ISSB Excels in Strength Tests

Posted on August 26th, 2019

HYT is well underway with our training project in the world’s second largest refugee settlement, Bidi Bidi. A total of 18 South Sudanese and 10 Ugandan youths are undergoing intensive training thanks to an ongoing partnership with Mercy Corps.

HYT Trainees
Day 1 of training in Bidi Bidi in partnership with Mercy Corps.

Planning Permission

In Uganda’s extreme north an environmental crisis is following its ongoing humanitarian counterpart. Trees are becoming scarce, the lack of forest cover is increasing the area’s vulnerability to climate change; exposing it to desertification and soil degradation.

In February 2019, HYT arrived in Yumbe with a viable alternative to the environmentally devastating burnt brick. Interlocking Stabilised Soil Blocks (ISSB) require no firewood in their production, far less concrete during construction and no transportation costs. Our innovative construction practices were met with cautious curiosity.

Introducing the benefits of ISSB to the District, UNHCR and Mercy Corps Partners.

The District Engineer, Settlement Commandant and UNHCR are responsible for construction, quality control and strategy within the settlement. They have the monster task of coordinating the effort to bring the refugee’s standard of living to an acceptable level.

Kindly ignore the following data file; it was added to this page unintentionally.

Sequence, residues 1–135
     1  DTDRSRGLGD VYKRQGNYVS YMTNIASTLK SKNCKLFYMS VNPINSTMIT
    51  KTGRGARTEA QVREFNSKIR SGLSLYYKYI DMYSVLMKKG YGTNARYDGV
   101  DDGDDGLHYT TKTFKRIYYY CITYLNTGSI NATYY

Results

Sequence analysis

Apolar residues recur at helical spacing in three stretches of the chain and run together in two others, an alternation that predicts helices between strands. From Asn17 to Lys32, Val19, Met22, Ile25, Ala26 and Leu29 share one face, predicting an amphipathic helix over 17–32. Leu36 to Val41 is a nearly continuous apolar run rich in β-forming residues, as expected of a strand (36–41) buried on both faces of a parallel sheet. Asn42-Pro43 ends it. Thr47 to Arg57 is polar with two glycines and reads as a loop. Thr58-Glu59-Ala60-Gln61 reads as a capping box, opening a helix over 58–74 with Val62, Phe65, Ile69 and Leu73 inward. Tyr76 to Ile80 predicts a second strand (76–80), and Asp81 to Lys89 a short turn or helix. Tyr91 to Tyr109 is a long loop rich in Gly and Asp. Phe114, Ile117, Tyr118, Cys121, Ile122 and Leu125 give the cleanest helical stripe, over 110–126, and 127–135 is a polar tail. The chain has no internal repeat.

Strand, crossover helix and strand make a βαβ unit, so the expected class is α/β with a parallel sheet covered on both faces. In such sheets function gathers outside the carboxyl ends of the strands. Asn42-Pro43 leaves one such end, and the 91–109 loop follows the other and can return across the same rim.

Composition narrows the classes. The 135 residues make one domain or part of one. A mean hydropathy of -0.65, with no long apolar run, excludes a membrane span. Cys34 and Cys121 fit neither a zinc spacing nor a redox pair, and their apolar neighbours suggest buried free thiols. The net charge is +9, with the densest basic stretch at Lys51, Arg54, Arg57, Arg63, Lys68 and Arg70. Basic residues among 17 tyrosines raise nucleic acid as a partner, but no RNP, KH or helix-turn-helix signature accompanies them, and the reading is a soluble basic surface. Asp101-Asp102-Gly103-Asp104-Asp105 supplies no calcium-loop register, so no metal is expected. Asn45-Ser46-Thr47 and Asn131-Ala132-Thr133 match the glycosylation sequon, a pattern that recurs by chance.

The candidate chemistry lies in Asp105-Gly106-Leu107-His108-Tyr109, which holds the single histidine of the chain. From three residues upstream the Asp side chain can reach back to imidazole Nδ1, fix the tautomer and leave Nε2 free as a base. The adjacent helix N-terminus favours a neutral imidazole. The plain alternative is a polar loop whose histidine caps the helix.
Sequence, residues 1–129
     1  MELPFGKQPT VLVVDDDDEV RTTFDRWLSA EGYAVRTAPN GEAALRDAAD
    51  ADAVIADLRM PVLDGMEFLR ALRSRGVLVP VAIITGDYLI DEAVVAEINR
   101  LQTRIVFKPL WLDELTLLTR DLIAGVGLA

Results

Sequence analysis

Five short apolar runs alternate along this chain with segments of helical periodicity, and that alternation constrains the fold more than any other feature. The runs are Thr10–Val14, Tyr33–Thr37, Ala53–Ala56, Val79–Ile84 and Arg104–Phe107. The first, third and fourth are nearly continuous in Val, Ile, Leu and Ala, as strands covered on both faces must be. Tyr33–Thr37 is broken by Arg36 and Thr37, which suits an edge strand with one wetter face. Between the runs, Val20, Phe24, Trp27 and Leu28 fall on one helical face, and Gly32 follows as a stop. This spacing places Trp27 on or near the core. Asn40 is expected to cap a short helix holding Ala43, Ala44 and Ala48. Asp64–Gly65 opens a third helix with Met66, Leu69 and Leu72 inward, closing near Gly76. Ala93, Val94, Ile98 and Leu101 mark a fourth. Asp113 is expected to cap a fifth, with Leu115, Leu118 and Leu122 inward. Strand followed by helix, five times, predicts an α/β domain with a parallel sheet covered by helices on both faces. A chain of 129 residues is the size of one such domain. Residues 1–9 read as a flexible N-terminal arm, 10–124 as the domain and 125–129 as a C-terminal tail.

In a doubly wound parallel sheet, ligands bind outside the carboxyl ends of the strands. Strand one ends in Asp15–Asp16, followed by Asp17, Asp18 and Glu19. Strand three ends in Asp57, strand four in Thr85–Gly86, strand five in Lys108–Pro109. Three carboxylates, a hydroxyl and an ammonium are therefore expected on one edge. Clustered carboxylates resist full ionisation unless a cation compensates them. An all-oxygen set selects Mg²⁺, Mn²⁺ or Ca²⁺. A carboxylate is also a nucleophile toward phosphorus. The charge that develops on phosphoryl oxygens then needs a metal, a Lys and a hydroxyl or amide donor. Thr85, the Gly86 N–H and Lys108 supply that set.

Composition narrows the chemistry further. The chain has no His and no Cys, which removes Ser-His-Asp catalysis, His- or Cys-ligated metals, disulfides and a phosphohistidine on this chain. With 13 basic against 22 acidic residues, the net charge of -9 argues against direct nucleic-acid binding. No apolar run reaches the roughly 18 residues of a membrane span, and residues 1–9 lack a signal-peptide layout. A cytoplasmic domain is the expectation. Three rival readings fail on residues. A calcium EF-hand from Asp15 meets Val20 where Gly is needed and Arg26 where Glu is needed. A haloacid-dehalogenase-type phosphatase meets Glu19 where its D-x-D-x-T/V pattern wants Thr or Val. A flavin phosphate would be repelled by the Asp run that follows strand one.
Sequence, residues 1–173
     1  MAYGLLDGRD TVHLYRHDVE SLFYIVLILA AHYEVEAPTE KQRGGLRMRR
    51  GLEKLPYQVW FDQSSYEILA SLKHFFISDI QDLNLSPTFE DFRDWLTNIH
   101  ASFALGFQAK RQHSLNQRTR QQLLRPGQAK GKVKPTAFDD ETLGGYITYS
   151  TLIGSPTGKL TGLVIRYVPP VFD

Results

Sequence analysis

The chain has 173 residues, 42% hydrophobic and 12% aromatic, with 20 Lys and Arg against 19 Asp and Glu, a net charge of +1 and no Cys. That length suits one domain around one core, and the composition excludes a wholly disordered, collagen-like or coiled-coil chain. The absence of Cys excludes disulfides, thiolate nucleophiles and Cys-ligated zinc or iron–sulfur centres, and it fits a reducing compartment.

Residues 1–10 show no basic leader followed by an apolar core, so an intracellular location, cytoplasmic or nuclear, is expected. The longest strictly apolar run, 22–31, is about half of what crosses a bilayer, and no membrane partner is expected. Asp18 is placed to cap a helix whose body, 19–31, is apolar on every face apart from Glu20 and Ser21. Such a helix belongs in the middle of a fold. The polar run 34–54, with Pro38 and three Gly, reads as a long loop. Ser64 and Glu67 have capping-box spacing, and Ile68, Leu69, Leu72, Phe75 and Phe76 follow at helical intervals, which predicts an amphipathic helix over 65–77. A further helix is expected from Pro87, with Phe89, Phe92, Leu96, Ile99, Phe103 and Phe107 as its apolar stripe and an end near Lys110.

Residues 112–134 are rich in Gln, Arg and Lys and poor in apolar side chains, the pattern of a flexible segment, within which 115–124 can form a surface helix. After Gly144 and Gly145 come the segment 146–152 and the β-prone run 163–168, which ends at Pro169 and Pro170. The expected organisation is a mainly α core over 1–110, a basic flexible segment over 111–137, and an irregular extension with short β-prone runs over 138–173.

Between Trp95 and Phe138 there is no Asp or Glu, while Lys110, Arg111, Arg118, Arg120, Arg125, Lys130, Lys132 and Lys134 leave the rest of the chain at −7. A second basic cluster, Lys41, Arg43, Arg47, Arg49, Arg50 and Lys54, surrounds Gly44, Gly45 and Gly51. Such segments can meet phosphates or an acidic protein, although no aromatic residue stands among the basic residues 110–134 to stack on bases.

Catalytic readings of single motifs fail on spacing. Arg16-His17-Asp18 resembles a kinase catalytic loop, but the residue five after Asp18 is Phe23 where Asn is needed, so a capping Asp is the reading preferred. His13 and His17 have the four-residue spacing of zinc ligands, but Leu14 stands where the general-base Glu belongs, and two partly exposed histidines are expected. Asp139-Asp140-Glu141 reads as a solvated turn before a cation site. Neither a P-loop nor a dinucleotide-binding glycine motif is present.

HYT is thrilled that our training has 10 female participants in Bidi Bidi.
With the pressure on HYT to showcase ISSB technology, we had ISSB master Philip Yiga overseeing the project.

Passing the First Test

28 days after the first block was pressed, a sample was taken to Teclab Kampala, an independent material testing lab. According to UNBS(2011) the Uganda standard (US849), states that blocks must achieve 2.5 Mega Pascals (MPa) for dry compressive strength to be used in construction. Our ISSB blocks averaged 5.1MPa, this is the equivalent force of 0.51kg pressing on every squared millimetre of the blocks surface!

Blocks are weighed and measured before being crushed.

Not only have our blocks far surpassed the required strength, they have saved 16.4 tons of firewood that would have been used in an equivalent structure made out of burnt brick!

The first round of testing was a great success.
Specialized machines compress the blocks

This is a huge moment for HYT, in an epicentre of Uganda’s international aid and development activity we have irrefutably displayed the power of ISSB technology. International aid should not be spent on environmentally destructive practises when there is an affordable, safe and sustainable option available. HYT is gearing up to help NGO’s and government bodies make the switch to safeguard the environment for future generations.

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Winners of the Ashden International Award for Sustainable Buildings 2017.

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